Idaho agreed Tuesday to pay $50,000 and pledged to follow anti-discrimination rules to settle a federal lawsuit against state officials who awarded grazing leases to ranchers, not the environmentalist who had offered more money.
The Idaho Board of Land has also committed to revising its rules to allow conservation groups to lease state endowment trust lands, a big change after years of fierce litigation. The board's five members are the governor, state controller, secretary of state, attorney general and superintendent of public instruction.
In 2006, Washington state businessman and environmentalist Gordon Younger was the high bidder on seven Idaho grazing leases, but lost when the Board of Land with then-Gov. Jim Risch gave the leases to livestock owners. Younger, who planned to manage the lands to restore what he called "their degraded streams and wildlife habitats," sued in U.S. District Court on grounds he was the victim of discrimination.
Laird Lucas, attorney for Younger's Lazy Y Ranch Ltd., said Tuesday he's optimistic this settlement and the Board of Land's revised leasing rules represent a departure from the past, when conservation groups were bullied out of winning state grazing leases and left no other option than to sue.
"If someone is willing to put up money for conservation on state lands, we want them to be treated fairly," Lucas said. "This is the first time we've achieved reform in how state lands are managed."
The state's new leasing rules, whose changes address more issues than just this lease dispute, await final approval in the 2010 Legislature.
There, they could still face opposition from livestock-industry advocates.
If the rules are rejected, Tuesday's settlement allows Younger to refile his claims against Idaho.
But "if legislative ratification does occur, Lazy Y waives, forfeits and otherwise relinquishes any and all right to refile such claims," according to the pact, which also requires Board of Land members to "recognize their obligation to apply applicable statutes and rules consistent with federal or state equal protection requirements."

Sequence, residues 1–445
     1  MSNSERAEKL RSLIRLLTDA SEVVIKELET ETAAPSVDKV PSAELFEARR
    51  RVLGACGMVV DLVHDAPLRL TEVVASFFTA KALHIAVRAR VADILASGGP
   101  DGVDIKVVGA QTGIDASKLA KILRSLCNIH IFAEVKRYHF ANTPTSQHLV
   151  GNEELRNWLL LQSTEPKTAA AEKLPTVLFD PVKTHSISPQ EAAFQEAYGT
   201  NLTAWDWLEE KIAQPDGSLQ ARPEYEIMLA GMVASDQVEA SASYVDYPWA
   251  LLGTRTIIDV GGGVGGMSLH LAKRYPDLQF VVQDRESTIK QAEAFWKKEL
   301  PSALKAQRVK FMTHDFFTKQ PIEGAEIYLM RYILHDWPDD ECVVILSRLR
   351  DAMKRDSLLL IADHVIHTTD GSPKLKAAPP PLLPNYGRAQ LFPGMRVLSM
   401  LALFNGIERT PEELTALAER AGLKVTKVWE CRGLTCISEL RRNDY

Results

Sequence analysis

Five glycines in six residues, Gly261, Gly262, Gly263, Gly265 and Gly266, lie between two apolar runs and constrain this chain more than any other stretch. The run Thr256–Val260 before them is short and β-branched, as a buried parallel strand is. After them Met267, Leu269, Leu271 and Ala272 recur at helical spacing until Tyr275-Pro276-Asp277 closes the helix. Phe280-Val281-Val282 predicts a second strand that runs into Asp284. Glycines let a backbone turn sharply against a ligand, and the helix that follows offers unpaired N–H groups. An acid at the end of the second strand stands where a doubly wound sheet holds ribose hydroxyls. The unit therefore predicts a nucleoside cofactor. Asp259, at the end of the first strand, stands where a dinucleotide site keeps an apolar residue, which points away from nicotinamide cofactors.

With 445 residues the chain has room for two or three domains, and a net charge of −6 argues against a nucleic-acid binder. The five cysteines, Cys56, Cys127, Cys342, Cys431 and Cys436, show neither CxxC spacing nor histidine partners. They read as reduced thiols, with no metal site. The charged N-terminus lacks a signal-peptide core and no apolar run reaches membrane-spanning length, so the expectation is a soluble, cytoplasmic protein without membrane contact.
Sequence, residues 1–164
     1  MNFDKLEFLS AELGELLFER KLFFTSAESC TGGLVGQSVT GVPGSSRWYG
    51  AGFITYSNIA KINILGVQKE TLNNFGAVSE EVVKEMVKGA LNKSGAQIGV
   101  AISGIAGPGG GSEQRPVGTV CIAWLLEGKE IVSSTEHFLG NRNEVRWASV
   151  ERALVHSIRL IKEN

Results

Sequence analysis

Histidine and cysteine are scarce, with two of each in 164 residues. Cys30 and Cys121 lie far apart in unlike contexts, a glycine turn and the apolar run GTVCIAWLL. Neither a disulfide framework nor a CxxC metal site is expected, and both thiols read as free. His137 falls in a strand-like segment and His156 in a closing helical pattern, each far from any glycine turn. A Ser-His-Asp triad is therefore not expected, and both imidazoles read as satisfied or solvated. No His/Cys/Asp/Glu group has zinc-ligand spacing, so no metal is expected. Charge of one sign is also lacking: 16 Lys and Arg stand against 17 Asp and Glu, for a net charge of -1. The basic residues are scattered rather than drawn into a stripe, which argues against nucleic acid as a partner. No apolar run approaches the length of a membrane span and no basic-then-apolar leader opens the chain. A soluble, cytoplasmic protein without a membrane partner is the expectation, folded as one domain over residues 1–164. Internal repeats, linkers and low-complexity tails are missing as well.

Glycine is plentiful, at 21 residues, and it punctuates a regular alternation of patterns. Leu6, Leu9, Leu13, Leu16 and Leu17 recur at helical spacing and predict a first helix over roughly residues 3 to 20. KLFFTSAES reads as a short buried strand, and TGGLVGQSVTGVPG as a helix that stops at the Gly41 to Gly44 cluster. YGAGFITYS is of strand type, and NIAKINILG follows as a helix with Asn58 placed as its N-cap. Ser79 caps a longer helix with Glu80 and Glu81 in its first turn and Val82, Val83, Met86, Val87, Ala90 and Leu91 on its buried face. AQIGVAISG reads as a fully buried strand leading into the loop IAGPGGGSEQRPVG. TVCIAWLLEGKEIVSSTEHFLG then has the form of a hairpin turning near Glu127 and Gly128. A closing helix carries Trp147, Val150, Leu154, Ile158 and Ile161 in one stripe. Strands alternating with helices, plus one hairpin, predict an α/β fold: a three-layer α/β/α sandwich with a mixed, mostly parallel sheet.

The Idaho Constitution demands Board of Land members carefully preserve state endowment trust lands, to secure the maximum long-term financial return to benefit public schools.
Ranchers have contended their industry's impact on local economies should also be taken into account, but that argument has failed to persuade judges: Western Watersheds Project, an environmental group to which Younger is a contributor, in 1999 won unanimous Idaho Supreme Court decisions rejecting grazing-lease preferences for ranchers.
Clive Strong, a deputy attorney general and natural resource law specialist, said Idaho's new leasing rules will help create a level playing field for all parties interested in securing a lease — and help the state avoid costly lawsuits.
"The Land Board recognized the current process was not working and was leading the way to litigation," Strong said. "It was determined to find a better process."
According to Tuesday's settlement, state officials didn't acknowledge wrongdoing, but will pay $50,000 to cover the Lazy Y's litigation fees. Lazy Y, meanwhile, held open the possibility of bidding for the 10-year leases again when they become available.
Jon Hanian, a spokesman for Gov. C.L. "Butch" Otter, and David Hensley, Otter's staff lawyer, didn't immediately return phone calls seeking comment.